Leatherwood v. CreightonAnnotate this Case
571 So. 2d 1136 (1990)
Dock LEATHERWOOD d/b/a The Carpet and Rug Company v. Ross CREIGHTON.
Court of Civil Appeals of Alabama.
October 3, 1990.
*1137 Dinah P. Rhodes of Blankenship & Robinson, Huntsville, for appellant.
Robert E. Willisson of Willisson and Tucker, Huntsville, for appellee.
This a contract case.
Leatherwood (supplier) filed a complaint against Creighton (homeowner) alleging that the homeowner had breached a contract with the supplier by failing to pay for carpet, vinyl, and other materials installed by the supplier into the homeowner's new house. The supplier further asserted an amount due on open account and an amount due for work and labor done.
The case was heard by the trial court, which found for the homeowner.
Specifically, the trial court ordered that "[u]pon consideration of all the evidence, ore tenus, the court is not reasonably satisfied that the [supplier] is entitled to recover."
The supplier appeals.
Where evidence is presented ore tenus, the trial court's judgment is presumed correct, and will not be disturbed on appeal without a showing of plain and palpable error. Pilalas v. Baldwin County Savings & Loan, 549 So. 2d 92 (Ala.1989). This rule is based on a recognition of the trial court's unique ability to evaluate both the demeanor and the credibility of the witnesses. Justice v. Arab Lumber & Supply, Inc., 533 So. 2d 538 (Ala.1988). Further, where the trial court does not make specific factual findings, this court will assume that the trial court made findings that would support its judgment. Justice.
We have examined the record in this case and find that the trial court's determination that the supplier is not entitled to recover is supported by the evidence.
The testimony given by the homeowner was that he was building a new house and that he had an "allowance" for flooring with his contractor that was figured into the contract price of his home. Further, he simply chose from the supplier the flooring he wanted installed in his home, and that the written document signed by the homeowner was only for the purpose of choosing a flooring type. The homeowner asserted that this was never intended as a contract to pay for those materials. Instead, his testimony was that the supplier *1138 understood that the homeowner was only selecting the materials to be used in his home and that it was clear to the supplier that the bill for the various materials was to be paid by the contractor. In fact, the alleged contract indicated that the bill was to go to the contractor.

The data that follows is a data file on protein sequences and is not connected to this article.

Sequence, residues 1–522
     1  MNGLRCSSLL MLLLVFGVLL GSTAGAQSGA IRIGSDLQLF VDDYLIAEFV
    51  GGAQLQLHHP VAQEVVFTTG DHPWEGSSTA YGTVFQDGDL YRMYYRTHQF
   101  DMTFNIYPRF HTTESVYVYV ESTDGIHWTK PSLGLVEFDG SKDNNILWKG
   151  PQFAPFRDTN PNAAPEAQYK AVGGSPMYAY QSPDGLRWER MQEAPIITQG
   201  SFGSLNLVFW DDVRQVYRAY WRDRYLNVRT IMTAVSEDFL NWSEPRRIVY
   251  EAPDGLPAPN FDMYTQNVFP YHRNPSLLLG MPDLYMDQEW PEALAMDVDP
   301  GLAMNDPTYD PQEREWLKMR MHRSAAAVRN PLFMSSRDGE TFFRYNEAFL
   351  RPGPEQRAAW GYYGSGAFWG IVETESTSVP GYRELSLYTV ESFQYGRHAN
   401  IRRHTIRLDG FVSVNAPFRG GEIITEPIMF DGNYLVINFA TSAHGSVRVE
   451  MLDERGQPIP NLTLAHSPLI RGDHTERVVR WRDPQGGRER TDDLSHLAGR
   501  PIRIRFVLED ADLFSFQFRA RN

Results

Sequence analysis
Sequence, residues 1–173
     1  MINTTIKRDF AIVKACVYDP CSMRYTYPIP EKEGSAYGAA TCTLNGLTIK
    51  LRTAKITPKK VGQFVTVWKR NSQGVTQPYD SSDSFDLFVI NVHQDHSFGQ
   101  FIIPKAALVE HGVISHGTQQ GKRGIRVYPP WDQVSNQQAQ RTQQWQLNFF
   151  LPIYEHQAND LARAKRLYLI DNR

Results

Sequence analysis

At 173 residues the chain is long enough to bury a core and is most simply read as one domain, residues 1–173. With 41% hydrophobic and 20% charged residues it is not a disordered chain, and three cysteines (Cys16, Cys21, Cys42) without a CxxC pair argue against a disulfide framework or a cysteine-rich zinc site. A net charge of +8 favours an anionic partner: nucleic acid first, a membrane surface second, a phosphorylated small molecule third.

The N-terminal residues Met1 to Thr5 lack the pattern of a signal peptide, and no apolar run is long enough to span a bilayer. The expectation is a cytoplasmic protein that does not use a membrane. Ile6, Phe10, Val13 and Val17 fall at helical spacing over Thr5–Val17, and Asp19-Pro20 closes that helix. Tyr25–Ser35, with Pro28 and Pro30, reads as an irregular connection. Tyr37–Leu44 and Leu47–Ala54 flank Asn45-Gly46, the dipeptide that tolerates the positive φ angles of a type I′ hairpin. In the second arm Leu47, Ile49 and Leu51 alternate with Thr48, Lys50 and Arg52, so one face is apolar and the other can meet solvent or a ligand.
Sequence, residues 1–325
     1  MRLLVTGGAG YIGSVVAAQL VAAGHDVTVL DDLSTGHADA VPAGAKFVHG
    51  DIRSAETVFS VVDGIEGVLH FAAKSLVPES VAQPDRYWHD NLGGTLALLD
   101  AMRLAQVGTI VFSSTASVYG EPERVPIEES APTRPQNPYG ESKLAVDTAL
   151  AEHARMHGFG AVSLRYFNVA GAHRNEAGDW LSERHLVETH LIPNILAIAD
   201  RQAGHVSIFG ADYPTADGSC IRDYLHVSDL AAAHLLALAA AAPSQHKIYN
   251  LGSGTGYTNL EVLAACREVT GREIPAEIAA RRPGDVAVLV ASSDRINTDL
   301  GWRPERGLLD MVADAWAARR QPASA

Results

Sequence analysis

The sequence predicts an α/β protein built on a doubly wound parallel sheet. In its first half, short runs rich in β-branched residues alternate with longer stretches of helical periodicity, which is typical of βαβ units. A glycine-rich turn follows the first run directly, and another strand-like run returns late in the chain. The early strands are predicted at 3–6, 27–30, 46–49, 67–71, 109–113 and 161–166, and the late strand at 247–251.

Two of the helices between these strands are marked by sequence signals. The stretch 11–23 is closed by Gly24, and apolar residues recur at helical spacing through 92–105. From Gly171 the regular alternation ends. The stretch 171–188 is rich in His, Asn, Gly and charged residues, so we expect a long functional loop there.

This testimony comports with that given by the contractor, who testified that he received several bills for the materials from the supplier. The record also indicates that the contractor has since filed for bankruptcy, that the contractor listed the debt to the supplier on his list of debts in bankruptcy, and that it was after the contractor's bankruptcy that the supplier attempted to collect from the homeowner.
Thus, a finding by the trial court that the supplier was not entitled to recover on the document signed by the homeowner is supported by the evidence.
Likewise, we find that the supplier is not entitled to recovery from the homeowner on a claim for work and labor done. The evidence is undisputed that the supplier provided flooring and labor in an amount of $4,750. The homeowner does not deny that the flooring was installed in his home. However, the homeowner has already paid the contractor for his house, and said payment included the cost of the flooring. Consequently, he asserts he should not now have to pay the supplier for the flooring, too.
The supplier maintains that the case of Federal Land Bank of New Orleans v. Jones, 456 So. 2d 1 (Ala.1984), is controlling. The supplier cites that case for the proposition that when a homeowner receives a benefit from his supplier, as here, and then the supplier is not paid for his work, justice demands that the homeowner pay for the supplier's loss.
The Jones case, however, is distinguishable from this case in that here the homeowner has already paid the contractor. Thus, the trial court in this case could have determined that the supplier's remedy lies with the contractor, not the homeowner. In short, the homeowner has not been unjustly enriched due to the fact that he has already paid the contractor for the work and labor done by the supplier.
The judgment of the trial court is due to be affirmed.
INGRAM, P.J., and RUSSELL, J., concur.